A citizen’s taskforce circular economy campaign and an “Australian Circular Business Register” will make it easier for people and businesses to take part in the coming transition to a circular economy.
The NSW government no longer wants to see the gold in used electronics and other valuable materials ending up in landfill.
Its new strategy to focus on the “economy” in circular economy will unleash “army of experts” and collaboration between businesses, researchers, governments and peak associations to make that happen.
The new plan is for NSW to seize its share of the circular economy transition, which could add $210 billion to Australia’s GDP by 2050.
Created by the Office of NSW Chief Scientist and Engineer, the body is headed up by the former chief executive officer of the Open Cities Alliance, Lisa McLean, in a part time CEO position.
Ms Mclean, who will stay on as non-executive director with the industry association that advocates for the circular economy and decentralised, precinct scale zero-carbon local mobility and utilities, says NSW has “a real opportunity to become the powerhouse of circular economy innovation in Australia.”
“We know just five per cent improvement in materials efficiency – keeping materials out of landfill and recycled back into the market – would add $10 billion to our state’s bottom line, while the size of the prize by 2050 is $210 billion to Australia’s GDP,” she said.
What’s in the plan?
The circular economy is typically characterised by three principles outlined by the Ellen MacArthur Foundation: design out waste and pollution; keep products and materials in use; and regenerate natural systems.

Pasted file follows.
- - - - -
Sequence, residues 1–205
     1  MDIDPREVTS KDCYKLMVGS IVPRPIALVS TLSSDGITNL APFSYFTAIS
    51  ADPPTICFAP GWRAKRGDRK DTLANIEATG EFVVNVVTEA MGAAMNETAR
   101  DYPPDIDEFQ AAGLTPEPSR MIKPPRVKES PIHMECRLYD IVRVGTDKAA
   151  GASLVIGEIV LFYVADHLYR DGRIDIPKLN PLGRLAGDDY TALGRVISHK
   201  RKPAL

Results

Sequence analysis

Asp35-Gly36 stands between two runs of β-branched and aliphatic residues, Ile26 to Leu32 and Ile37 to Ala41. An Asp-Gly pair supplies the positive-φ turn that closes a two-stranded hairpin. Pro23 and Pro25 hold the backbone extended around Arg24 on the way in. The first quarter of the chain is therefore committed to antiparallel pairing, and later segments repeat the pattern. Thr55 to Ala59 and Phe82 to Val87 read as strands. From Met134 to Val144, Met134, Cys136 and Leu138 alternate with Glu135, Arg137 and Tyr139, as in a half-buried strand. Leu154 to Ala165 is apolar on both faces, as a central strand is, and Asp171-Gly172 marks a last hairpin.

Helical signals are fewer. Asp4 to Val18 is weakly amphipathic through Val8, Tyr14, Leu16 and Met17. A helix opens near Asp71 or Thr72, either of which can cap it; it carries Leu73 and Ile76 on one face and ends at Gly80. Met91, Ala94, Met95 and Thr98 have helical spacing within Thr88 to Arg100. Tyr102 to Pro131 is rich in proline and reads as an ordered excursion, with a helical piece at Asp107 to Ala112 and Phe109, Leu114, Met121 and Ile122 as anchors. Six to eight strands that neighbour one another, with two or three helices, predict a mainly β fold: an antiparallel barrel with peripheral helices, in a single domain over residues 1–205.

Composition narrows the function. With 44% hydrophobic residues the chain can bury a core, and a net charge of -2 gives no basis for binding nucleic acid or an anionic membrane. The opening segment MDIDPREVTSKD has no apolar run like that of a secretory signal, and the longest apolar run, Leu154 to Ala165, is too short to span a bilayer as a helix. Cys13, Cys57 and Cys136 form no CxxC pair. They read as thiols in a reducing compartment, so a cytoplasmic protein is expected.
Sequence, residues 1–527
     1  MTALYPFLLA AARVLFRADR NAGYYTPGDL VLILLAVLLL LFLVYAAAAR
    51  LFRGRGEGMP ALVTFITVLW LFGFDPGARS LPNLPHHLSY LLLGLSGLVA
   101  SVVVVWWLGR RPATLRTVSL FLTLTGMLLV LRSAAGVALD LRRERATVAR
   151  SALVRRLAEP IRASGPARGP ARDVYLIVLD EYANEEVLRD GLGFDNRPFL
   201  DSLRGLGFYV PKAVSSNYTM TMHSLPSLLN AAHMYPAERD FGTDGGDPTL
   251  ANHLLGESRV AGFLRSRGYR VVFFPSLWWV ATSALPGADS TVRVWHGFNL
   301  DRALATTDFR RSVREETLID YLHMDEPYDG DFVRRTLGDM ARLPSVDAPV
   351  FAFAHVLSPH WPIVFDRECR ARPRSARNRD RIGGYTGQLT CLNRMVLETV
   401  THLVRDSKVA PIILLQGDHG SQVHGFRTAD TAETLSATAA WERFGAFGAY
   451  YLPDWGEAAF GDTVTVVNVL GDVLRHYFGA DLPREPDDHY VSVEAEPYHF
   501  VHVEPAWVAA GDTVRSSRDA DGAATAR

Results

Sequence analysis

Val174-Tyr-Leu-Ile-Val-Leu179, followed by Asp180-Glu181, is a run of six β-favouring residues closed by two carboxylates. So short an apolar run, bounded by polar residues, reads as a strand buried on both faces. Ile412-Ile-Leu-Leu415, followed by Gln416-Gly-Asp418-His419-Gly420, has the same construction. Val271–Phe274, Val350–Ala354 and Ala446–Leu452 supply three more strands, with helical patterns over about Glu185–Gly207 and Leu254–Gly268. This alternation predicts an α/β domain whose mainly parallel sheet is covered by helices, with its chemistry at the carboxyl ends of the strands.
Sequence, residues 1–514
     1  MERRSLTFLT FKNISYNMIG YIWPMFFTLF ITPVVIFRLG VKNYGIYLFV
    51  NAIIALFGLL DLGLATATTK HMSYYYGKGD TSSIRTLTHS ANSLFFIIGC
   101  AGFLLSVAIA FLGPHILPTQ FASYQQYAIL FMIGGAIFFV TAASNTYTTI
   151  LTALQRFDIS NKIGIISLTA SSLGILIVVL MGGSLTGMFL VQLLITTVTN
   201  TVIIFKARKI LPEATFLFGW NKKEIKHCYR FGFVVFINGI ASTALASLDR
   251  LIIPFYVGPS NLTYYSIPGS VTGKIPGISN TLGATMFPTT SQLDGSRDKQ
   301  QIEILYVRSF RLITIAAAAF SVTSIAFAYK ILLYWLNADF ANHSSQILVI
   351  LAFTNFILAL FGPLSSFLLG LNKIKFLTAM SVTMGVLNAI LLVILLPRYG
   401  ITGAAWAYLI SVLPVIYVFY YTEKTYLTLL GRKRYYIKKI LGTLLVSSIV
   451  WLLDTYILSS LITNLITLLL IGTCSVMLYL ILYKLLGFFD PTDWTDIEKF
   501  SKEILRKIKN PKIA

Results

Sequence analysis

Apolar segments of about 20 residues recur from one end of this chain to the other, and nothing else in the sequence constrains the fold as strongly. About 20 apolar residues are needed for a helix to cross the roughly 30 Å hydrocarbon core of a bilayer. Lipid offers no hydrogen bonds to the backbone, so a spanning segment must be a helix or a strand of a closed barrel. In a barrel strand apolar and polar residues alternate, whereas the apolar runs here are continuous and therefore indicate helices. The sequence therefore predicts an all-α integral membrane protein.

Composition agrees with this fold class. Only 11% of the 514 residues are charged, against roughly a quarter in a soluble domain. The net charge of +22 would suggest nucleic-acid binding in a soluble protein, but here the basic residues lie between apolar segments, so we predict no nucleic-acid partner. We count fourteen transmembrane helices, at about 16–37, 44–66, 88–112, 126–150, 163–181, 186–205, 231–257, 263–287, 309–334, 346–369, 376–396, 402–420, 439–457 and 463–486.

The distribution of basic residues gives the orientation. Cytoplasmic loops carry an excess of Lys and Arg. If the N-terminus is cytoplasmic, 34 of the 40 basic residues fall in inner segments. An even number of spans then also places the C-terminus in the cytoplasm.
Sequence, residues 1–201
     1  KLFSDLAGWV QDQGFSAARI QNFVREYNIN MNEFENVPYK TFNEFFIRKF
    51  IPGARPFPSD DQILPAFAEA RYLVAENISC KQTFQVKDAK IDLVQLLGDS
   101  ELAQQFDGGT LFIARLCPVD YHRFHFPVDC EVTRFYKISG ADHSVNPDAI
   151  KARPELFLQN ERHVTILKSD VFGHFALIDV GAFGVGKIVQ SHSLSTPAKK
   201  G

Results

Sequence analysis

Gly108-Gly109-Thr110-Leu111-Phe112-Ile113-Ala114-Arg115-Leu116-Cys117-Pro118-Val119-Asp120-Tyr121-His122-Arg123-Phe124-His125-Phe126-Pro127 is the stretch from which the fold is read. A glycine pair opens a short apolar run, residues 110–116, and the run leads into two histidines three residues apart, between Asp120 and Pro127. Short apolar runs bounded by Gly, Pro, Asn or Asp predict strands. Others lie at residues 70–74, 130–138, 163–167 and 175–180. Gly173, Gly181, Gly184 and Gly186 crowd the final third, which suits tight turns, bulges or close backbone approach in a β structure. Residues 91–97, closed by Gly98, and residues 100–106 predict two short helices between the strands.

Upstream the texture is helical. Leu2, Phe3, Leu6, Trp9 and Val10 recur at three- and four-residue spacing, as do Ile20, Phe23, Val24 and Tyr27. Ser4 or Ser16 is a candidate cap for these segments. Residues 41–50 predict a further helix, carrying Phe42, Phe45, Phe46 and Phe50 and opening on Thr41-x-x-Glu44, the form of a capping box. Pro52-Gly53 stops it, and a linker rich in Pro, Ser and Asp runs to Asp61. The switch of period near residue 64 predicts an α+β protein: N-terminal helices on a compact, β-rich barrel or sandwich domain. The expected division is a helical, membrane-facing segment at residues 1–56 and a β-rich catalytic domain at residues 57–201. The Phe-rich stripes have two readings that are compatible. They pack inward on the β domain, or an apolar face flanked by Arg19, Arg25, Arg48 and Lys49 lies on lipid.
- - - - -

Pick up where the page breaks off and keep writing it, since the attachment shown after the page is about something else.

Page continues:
Central to NSW Circular’s plan is assembling an “army of experts” and bringing together a network of businesses, research organisations, governments and peak associations to build knowledge and expertise in the circular economy.
Recognising that better data is crucial to the transition, NSW Circular plans to release regular data and market insights on the potential of untapped resources, such as the value of gold in laptops or the silver in obsolete solar panels.
Every month, state-wide market insights on circular economy materials, jobs, innovations and investment will be published.
Coming in for special attention will be particularly problematic waste materials that need a circular supply chain, along with transition plans for targeted markets.
Other priority targets will include breaking down barriers to success such as through better harmonised policies across federal, state and local governments.
Citizens will be empowered through a “Citizens Taskforce” circular economy campaign and an “Australian Circular Business Register” that will “make circular behaviours available to and an option for people.”
NSW’s linear, resource intensive economy
According to the strategy, NSW is a ready consumer of resources, produces a lot of waste and has poor recycling practices.
The state is responsible for a quarter of Australia’s total emissions, Sydney recycles only 7 per cent of its water 35 per cent of the 20 million tonnes of waste generated in the state goes to landfill.
“As we head into a resource-constrained future where climate change and pandemics like COVID-19 expose weaknesses in our current linear economic approach, we need to plan for the new zero-carbon economy,” Ms Mclean said.
“The circular economy is the new economic framework to accelerate this transition, delivering new jobs, markets, products, infrastructure and services, and replacing broken supply chains through innovation and collaboration.”